‘Foundational fictions’ Variations of the marriage plot in Flora Nwapa’s early Anglophone-Igbo novels
Moola, Fiona Fatima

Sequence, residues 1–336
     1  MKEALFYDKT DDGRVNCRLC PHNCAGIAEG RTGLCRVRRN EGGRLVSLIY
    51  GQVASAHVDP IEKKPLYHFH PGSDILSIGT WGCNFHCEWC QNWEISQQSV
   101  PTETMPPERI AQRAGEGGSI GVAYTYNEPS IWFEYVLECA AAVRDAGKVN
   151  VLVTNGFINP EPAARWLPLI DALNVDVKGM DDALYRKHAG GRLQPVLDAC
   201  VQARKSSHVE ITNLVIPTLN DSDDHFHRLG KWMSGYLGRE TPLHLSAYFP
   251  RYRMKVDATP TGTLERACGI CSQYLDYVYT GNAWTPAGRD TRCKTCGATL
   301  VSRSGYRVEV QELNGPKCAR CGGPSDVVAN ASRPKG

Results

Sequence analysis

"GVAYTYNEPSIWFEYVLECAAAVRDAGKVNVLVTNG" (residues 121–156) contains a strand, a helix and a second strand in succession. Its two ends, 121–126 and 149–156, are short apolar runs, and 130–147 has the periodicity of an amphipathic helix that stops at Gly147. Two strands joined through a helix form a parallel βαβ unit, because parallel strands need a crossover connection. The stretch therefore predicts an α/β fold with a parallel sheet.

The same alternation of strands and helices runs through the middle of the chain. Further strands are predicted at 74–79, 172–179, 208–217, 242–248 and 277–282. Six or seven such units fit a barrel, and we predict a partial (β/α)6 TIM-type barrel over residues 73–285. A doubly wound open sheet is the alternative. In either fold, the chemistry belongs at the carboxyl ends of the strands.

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The Igbo marriage song recorded by Ifi Amadiume in her influential ethnographic study of the Nnobi in Southeastern Nigeria is a reminder of the cross-cultural, trans-historical significance of some form of marriage in the establishment of some form of family as the foundation and guarantor of survival and stability of the social. Domestic happiness in the extended family of the Igbo context of the period in which the novel is set involves not only husband and wife, as in the nuclear family, but also the husband’s extended family relations. Analysing the gender dynamics of marriage is a focus of a vast number of feminist studies of African literature. Isidore Okpewho in ‘Understanding African Marriage: towards a Convergence of Literature and Sociology’ contrasts the picture of marriage that occurs in African cultural expression, with marriage as it emerges in anthro-sociology. ‘Motherhood’ is a concept that has come under intense scrutiny in the scholarship of African society and literature.